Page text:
Networking is a key factor for any successful entrepreneur, so why (and how) do some of them try to ‘bypass’ it? Why isn’t ‘networking’ taught in Entrepreneurship courses?
- ‘Networking or not working’ seems to be the motto for most business entrepreneurs, but not tech ones.
- Is networking a business issue only?
- If networking is important, why isn’t it taught in Entrepreneurship courses?
‘Networking or not working’ could very well be the motto for anyone who wishes to open his/her own company. It is said to be even more so, when the business the entrepreneur wishes to establish is a Startup. But is it?
Before I ‘dive into’ the topic, what is ‘networking’ exactly? Here is the meaning as taken from Investopedia, a ‘dictionary’ of relevant terms for the Startups ecosystem:
‘Networking is the exchange of information and ideas among people with a common profession or special interest, usually in an informal social setting.’
While building a Startup, your network can be vital to your professional success. A strong network gives you insight into trends as well as inside information from other companies and information about your competitors.
Networking has huge benefits for the Startup ecosystem. However, it is considered a major ‘painpoint’ for Startup founders, to which one of the solutions offered was shared workplaces. WeWork was among the first companies which claimed to address the need for Startup networking, as part of its basic goal and they even focused their branding on it. It ended up with huge hype for WeWork, which was valued at its peak at $47 billion — less than 10 years after its founding!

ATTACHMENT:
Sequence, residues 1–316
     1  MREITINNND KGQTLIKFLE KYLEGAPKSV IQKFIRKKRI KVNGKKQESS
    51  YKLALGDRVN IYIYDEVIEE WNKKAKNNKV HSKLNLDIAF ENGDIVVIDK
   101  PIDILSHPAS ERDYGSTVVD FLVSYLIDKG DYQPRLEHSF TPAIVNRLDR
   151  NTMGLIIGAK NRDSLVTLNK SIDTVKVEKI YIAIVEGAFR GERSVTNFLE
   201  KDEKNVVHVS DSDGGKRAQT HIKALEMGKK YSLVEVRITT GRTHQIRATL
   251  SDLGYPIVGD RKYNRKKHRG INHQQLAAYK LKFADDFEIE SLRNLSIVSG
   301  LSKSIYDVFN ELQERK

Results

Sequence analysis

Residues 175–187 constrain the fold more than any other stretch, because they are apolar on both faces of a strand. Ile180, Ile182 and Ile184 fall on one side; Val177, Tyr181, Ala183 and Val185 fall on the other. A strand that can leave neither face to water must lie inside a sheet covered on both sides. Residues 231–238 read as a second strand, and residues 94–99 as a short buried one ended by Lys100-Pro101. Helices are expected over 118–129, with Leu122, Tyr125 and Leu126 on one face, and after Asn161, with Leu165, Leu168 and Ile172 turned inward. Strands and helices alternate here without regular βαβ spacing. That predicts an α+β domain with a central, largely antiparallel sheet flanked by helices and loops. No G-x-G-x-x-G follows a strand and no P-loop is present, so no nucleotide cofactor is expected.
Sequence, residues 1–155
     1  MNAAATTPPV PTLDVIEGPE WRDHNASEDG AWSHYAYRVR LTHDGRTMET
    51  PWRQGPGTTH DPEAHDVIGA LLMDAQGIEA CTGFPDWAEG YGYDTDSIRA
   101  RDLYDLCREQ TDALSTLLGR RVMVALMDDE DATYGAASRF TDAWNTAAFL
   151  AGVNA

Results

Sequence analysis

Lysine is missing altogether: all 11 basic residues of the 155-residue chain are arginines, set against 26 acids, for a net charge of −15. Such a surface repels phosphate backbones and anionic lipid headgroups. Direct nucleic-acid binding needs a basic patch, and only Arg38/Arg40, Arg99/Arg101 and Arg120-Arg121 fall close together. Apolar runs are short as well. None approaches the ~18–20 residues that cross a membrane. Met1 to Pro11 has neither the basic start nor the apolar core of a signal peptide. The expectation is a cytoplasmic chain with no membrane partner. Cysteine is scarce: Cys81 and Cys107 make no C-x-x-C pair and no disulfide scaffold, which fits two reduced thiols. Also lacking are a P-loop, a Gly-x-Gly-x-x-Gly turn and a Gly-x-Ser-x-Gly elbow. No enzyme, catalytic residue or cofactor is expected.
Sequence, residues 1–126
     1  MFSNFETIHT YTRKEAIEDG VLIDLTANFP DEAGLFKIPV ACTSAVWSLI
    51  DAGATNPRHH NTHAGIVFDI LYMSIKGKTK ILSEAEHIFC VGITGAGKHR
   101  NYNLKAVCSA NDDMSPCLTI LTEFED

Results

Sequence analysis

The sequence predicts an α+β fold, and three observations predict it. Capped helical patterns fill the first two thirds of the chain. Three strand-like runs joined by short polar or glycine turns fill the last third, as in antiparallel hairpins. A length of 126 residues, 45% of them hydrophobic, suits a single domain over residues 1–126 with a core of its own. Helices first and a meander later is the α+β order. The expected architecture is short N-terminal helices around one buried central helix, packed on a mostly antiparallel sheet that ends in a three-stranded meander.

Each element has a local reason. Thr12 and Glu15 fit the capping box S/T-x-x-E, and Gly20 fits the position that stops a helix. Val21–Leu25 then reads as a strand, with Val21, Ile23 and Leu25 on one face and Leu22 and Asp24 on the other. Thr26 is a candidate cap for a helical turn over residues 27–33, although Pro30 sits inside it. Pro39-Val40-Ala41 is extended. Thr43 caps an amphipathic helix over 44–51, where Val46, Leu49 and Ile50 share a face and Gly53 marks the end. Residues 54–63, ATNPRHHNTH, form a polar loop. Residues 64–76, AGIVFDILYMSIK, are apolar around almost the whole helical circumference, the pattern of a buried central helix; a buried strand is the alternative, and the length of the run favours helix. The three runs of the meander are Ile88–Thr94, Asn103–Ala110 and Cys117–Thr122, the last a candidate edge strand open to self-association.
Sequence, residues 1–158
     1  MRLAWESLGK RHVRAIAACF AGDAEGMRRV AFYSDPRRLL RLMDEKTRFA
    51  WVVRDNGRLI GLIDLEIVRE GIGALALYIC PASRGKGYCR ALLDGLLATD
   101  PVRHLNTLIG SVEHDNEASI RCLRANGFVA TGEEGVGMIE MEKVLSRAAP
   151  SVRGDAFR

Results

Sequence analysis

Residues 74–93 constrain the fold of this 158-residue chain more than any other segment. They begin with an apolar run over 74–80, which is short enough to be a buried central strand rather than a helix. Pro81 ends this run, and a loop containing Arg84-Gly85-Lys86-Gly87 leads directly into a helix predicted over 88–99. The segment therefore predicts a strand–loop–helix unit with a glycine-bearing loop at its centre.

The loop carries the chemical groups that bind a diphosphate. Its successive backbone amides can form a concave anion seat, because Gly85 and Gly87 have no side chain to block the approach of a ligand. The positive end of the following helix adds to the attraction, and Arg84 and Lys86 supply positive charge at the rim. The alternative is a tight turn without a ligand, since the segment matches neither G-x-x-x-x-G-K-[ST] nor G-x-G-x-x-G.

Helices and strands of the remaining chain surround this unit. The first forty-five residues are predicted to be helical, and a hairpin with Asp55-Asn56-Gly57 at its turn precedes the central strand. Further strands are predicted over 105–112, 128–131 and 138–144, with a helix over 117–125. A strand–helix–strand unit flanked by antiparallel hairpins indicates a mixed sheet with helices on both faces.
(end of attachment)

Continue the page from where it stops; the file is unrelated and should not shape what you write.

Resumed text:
These days social media makes it easier than ever to hone your existing relationships as well as make new contacts. Platforms like Twitter, LinkedIn, FB and others, allow you to contact most people directly. So how come many entrepreneurs are trying to bypass it?
Networking- Is it just “a Business Thing” for Salesperson?
The answers vary. Working with hundreds of Startup founders, I gathered some of the answers given by tech entrepreneurs when I asked them about their networking abilities and the benefits they gain from it: